The amount of data a business compiles can be overwhelming, and as a result, many businesses struggle to organize, analyze, define, protect, and leverage their data. Part of this is because you don’t have a clearly defined data strategy in place – or not knowing how to build one that works best for your business.
If your current approach to managing your data isn’t working, or you haven’t developed a comprehensive data strategy at all, this article is for you. In this document, we’ll discuss a “four pillar” approach that will help you implement a comprehensive and effective data strategy.
We’ll define the role each pillar should play when building and deploying your data strategy, and demonstrate how this will help you make better business decisions.
Typically, in a traditional BI spreadsheet or report, data is often organized haphazardly into multiple rows and columns on a page. This leads to looking at manually row after row and column after column in an obsolete and time consuming way. It can be like looking for a needle in a haystack when trying to identify critical findings.
That’s why the best way to format your data and really bring it to life is to visualize it graphically. This will provide instant visibility into outliers, trends and / or issues that require resolution.
Data visualization makes it easier for everyone to understand what the data is showing, especially in these days of reduced attention span. It also allows your coworkers to wonder why something seems wrong, and then allows them to dig deep to find out the root cause of the problem.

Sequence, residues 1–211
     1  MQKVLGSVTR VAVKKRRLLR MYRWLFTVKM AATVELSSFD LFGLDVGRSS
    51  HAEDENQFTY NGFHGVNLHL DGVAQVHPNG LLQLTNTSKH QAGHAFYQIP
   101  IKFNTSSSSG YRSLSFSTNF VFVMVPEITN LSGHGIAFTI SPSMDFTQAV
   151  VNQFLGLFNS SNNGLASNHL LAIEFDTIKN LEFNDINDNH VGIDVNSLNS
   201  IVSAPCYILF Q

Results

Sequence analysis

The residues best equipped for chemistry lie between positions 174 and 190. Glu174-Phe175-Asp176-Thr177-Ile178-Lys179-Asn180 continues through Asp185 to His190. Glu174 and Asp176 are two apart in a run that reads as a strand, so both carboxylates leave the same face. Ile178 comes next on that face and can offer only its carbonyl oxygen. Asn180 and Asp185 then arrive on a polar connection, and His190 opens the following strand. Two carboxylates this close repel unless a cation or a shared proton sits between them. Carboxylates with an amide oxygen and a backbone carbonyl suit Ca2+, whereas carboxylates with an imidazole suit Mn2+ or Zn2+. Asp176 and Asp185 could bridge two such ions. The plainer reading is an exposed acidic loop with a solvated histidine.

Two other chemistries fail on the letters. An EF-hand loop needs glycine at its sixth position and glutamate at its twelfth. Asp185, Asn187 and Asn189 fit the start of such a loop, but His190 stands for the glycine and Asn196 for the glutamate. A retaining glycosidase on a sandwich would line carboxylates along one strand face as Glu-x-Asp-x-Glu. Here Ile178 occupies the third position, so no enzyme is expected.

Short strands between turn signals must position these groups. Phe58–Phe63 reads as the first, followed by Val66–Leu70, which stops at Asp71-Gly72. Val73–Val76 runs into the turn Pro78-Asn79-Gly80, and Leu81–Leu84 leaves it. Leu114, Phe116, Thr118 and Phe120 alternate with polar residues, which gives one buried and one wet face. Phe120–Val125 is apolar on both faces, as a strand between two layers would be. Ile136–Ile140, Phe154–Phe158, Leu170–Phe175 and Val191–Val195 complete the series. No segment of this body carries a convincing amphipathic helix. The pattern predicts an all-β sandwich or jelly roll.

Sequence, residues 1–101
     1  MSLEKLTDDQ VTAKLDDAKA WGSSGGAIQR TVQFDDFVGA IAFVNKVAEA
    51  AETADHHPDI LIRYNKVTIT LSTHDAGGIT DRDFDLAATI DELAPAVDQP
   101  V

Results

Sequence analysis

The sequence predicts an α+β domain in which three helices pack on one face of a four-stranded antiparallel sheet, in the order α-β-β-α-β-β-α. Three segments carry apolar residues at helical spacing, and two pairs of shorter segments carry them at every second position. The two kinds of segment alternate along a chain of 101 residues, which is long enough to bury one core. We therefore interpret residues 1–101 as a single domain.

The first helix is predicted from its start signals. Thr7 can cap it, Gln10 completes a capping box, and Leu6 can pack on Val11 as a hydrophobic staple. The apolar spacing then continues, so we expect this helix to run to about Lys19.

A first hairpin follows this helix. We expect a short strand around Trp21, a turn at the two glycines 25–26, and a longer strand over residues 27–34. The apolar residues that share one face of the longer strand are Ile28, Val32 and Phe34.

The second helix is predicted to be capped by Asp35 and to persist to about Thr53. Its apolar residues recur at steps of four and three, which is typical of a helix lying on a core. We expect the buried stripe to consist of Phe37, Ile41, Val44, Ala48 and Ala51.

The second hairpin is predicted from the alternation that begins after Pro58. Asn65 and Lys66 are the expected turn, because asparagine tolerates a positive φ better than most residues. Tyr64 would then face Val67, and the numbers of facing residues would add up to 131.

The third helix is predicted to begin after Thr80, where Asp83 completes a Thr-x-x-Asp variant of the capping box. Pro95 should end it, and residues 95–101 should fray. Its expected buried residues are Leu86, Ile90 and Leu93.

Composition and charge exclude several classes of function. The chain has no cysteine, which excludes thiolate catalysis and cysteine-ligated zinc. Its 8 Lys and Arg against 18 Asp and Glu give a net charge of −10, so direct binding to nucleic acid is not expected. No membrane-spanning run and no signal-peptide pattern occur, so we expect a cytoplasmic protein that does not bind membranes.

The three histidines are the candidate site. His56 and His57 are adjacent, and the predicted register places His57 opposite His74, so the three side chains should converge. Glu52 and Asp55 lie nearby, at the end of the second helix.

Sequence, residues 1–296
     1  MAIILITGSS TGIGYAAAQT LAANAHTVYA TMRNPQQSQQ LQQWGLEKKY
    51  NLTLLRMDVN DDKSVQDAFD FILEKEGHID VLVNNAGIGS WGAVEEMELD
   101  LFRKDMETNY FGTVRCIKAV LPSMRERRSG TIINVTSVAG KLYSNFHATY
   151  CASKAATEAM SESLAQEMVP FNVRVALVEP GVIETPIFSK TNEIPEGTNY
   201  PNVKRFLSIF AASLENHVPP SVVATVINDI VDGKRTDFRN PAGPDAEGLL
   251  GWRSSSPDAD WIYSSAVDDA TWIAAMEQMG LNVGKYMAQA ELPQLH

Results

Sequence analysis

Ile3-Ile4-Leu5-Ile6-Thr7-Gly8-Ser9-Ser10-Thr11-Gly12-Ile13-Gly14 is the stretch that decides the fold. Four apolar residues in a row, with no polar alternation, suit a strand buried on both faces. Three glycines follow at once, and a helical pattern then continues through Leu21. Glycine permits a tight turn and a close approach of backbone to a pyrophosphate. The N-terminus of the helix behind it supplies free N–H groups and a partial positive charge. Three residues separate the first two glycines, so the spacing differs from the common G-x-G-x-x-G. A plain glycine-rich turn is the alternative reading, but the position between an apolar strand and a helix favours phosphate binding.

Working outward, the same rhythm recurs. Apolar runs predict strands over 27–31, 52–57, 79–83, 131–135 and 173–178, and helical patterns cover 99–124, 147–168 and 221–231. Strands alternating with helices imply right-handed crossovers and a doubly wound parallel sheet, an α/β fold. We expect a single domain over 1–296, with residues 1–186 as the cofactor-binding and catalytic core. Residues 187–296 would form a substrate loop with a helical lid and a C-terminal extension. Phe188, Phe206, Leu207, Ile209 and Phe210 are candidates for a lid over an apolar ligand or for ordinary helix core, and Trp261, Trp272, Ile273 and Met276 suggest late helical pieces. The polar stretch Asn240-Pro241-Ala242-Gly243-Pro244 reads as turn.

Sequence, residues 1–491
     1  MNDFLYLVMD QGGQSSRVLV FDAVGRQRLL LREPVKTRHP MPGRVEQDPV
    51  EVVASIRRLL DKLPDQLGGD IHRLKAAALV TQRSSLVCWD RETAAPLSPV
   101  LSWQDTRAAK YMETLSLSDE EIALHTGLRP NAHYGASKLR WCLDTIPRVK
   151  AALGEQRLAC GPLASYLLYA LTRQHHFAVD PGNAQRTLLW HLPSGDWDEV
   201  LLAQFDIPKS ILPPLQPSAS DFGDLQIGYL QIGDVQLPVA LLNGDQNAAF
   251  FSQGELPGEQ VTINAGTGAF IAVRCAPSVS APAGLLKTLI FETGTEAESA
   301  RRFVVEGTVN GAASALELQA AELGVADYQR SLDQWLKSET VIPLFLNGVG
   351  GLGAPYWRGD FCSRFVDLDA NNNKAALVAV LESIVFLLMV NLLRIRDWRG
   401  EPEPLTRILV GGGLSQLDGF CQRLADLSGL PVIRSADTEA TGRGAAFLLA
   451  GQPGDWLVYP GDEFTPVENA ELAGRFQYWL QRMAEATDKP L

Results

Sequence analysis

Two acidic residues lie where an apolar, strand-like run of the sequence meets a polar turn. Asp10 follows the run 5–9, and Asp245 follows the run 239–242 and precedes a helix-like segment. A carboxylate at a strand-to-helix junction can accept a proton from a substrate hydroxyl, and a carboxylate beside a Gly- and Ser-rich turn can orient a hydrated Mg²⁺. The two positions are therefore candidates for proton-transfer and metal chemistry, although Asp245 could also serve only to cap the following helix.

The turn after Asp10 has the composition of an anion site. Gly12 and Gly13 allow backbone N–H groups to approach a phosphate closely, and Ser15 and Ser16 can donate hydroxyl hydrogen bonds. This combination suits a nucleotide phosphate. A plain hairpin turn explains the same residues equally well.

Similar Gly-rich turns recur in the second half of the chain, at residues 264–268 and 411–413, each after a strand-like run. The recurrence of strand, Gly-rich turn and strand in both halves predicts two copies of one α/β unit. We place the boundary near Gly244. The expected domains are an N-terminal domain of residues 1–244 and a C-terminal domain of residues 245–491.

Governance is the most crucial factor to consider in the face of what is called “reporting anarchy”. Without a single source of truth, business users can easily lose faith in data. And without good governance, business logic is often duplicated in reports and lacks standardization, making your data totally unmanageable.
Taking a data model approach to govern all data, metrics, and relationships based on a single source of truth will ensure accurate reporting and analysis. It will also serve as a standardized process for developers and analysts by providing them with a methodology that spans all business data and formula logic.
As a result, everyone will follow the same procedures and standards. With good governance, each team member’s view of data is limited to what is applicable to them based on the security defined by your organization.
Formulating a reliable data governance plan ensures that your data will be pulled from the defined source. But don’t stop there. Make sure to combine it with the consistent use of predefined metrics and KPIs, because once removed from the source and manipulated, you can no longer be confident in the numbers.
Every organization faces challenges when trying to make its data and content accessible to as many team members as possible. This is why the third pillar – accessibility – is so important.
Sharing traditional reports in spreadsheets is awkward and leads to endless email exchanges with multiple versions shared back and forth. Depending on the amount of data in a spreadsheet, it can be difficult to effectively share it with other team members. There is also the problem of passing the data to the right person – i.e. the controller, the project manager, the salesperson, etc. – in the correct format. Making it fully accessible to team members in each of these different roles is beyond the challenge.
Making data accessible anytime, anywhere on any device offers many quantifiable benefits. Managers can quickly access their key metrics and data analysis on their smartphone or tablet in seconds. Analysts can create reports in minutes from a governed data model. Individual alerts can be set up with business critical report updates without anyone having to log into an application and pull reports on their own.